||Dimethyltin Dichloride: Investigations into Its Gastrointestinal Absorption and Transplacental Transfer.
Noland, E. A. ;
McCauley, P. T. ;
Bull, R. J. ;
||Health Effects Research Lab., Cincinnati, OH.
Laboratory animals ;
Gastrointestinal system ;
Dimethyltin dichloride ;
Water pollution effects(Animals)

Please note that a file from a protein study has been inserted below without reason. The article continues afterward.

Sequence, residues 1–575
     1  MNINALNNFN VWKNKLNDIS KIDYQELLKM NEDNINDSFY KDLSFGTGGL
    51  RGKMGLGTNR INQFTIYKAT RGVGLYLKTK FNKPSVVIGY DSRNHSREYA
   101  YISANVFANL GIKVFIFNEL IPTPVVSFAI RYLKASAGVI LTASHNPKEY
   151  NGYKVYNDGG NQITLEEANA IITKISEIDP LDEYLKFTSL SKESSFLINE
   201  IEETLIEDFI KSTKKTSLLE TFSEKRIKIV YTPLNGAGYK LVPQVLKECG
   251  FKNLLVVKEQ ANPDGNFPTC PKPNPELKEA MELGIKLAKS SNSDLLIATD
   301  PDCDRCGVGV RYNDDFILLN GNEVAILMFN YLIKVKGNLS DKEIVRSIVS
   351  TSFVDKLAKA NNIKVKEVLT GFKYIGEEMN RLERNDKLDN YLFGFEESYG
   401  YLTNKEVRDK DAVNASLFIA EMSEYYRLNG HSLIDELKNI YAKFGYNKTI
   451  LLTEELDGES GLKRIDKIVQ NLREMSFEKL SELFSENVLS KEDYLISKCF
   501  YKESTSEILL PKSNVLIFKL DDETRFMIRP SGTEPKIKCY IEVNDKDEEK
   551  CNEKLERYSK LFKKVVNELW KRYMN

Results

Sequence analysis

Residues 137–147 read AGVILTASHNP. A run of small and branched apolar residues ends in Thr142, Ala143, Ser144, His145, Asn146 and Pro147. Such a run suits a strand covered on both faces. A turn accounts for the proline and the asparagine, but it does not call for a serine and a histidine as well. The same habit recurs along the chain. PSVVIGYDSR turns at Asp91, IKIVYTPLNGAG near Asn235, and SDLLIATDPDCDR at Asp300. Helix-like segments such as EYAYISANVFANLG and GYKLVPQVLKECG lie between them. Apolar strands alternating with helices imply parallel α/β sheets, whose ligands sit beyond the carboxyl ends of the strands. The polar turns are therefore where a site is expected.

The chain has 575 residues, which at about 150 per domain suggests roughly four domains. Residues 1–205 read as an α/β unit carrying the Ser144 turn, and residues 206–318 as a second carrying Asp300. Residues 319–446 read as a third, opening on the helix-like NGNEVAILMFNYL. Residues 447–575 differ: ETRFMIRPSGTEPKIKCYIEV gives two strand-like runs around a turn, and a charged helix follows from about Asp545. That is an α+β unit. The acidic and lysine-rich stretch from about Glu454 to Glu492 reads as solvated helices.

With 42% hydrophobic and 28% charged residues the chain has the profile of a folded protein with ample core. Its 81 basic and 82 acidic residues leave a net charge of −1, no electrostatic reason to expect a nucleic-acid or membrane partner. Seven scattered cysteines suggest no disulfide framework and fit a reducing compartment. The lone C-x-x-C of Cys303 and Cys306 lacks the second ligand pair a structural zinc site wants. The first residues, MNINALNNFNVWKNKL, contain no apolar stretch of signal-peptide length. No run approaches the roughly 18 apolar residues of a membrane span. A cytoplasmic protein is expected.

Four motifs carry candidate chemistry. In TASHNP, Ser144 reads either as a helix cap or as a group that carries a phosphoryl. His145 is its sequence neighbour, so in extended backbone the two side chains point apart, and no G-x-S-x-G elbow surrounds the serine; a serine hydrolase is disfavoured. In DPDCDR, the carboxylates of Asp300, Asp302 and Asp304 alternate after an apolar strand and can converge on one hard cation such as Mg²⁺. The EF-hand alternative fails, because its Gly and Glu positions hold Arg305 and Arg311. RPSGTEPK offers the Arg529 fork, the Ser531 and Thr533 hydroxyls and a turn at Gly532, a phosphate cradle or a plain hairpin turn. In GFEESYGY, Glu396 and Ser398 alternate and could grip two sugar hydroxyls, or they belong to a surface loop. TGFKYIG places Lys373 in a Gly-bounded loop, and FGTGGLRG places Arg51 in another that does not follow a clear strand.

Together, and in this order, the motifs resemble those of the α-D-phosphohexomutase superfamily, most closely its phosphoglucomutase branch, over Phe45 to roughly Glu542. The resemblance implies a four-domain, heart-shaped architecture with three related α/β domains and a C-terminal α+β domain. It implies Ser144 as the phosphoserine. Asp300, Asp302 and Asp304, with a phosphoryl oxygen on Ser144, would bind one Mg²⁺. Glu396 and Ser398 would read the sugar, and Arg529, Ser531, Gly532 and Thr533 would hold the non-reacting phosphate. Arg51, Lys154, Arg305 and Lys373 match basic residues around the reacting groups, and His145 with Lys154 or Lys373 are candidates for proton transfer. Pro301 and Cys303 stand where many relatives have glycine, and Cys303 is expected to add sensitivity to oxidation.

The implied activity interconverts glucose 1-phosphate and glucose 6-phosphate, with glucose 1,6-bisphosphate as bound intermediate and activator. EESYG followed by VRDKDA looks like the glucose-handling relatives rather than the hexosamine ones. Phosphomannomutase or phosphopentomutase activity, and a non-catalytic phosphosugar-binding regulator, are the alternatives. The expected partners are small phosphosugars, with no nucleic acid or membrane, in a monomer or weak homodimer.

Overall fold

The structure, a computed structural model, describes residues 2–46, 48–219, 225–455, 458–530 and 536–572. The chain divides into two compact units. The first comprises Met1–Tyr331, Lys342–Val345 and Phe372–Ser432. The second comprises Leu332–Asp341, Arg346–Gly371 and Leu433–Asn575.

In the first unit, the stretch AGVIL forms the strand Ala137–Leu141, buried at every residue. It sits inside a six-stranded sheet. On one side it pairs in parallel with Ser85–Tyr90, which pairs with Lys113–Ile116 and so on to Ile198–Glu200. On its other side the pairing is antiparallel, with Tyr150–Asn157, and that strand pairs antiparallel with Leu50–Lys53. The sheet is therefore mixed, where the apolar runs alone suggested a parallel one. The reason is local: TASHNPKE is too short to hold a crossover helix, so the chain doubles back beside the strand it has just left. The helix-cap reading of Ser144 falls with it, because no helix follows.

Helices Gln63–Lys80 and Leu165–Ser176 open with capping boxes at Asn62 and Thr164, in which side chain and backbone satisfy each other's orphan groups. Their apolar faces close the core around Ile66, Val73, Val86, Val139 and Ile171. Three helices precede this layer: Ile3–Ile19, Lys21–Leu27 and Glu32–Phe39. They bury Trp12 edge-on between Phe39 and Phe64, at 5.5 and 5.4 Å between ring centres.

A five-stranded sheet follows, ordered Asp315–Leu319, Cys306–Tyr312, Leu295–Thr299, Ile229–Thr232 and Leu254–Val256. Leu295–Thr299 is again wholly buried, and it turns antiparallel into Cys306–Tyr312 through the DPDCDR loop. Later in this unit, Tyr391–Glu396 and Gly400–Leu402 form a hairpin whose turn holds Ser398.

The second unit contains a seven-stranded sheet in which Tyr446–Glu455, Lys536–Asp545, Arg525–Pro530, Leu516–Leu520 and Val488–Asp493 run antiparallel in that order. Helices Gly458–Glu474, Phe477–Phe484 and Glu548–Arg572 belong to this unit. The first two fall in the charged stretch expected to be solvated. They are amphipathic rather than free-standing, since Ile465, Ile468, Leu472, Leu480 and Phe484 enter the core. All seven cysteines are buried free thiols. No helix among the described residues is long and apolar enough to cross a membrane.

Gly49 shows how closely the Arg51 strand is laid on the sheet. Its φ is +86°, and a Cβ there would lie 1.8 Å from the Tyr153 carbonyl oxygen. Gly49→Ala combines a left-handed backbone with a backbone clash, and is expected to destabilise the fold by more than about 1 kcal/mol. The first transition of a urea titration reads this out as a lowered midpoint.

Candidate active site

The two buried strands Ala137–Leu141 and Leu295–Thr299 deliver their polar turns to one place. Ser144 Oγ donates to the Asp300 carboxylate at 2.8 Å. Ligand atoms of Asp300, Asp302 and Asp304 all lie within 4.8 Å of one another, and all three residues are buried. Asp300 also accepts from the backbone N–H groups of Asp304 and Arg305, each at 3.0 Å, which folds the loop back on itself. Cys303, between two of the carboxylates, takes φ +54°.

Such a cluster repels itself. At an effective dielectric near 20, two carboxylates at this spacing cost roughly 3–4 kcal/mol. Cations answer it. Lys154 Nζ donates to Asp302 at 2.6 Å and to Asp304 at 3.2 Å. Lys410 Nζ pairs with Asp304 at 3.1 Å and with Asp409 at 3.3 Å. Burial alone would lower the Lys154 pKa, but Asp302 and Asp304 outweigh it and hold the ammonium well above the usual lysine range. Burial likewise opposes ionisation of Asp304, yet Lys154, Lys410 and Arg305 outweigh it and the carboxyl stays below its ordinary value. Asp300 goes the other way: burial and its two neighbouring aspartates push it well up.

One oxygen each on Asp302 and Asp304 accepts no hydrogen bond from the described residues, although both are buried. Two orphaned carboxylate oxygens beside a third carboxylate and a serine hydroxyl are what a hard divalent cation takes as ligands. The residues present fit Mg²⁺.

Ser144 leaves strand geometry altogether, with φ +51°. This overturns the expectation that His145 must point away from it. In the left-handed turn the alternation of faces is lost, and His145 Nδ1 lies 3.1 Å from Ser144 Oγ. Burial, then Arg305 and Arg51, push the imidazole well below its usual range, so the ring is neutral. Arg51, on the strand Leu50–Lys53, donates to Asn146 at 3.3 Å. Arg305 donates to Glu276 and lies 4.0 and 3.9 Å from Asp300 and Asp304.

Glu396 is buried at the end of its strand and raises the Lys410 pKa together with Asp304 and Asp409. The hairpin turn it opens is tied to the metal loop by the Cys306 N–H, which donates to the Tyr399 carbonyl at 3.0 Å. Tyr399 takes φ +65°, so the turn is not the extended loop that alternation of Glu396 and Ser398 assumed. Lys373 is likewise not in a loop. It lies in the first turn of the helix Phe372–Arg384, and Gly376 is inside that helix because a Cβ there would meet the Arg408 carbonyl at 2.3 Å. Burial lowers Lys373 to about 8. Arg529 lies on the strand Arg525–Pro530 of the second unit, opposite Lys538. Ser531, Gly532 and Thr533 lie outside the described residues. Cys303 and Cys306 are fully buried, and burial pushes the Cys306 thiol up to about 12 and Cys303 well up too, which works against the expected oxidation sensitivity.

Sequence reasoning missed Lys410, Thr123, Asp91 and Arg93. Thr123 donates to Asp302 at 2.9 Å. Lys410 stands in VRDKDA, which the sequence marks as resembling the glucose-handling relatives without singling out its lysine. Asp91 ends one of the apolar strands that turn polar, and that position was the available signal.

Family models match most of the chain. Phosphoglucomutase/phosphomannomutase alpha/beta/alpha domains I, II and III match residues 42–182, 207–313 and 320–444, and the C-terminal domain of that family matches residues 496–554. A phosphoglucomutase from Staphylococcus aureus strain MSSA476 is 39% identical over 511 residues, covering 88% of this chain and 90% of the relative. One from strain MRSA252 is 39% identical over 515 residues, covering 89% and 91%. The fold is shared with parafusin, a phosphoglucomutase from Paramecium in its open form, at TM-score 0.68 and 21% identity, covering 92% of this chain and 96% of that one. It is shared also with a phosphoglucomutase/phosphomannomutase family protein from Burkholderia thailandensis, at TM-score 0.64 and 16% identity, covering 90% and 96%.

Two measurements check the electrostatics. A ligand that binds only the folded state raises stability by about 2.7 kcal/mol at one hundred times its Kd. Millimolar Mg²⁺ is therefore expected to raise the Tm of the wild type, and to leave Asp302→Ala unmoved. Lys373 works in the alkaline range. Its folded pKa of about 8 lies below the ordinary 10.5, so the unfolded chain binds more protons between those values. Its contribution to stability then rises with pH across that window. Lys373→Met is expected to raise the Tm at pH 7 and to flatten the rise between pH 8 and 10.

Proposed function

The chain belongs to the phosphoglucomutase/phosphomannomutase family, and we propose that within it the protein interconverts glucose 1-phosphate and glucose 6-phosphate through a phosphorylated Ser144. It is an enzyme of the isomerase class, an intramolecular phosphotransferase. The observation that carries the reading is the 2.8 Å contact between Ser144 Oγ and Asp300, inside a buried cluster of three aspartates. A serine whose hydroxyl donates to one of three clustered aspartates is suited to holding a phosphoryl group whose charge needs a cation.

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Dimethyltin dichloride (DMDC) is commonly used as a stabilizer in PVC pipe used for transport of potable water. Learning deficiencies have been observed postnatally in pups from DMDC-treated dams. Studies were conducted with female Sprague-Dawley rats to determine whether DMDC was absorbed by the dam and transferred across the placenta to fetal blood and brain tissue. This was accomplished in three phases: (1) a comparison of absorption of organic and inorganic tin from drinking water, (2) a comparison of prenatal and postnatal levels of tin in the pups in cross-fostering studies, and (3) a (14C)dimethyltin dichloride tracer study to determine whether organic tin passed to the pup intact. Major findings include: (1) DMDC is absorbed in the gastrointestinal tract of the dam much more rapidly than Sn2+; (2) the more rapid absorption of DMDC results in higher concentration of tin in fetal blood and brain; and (3) in fetuses that receive tin as DMDC, both tin and the methyl carbon are absorbed by the dam and transferred to the blood and brain of the fetuses.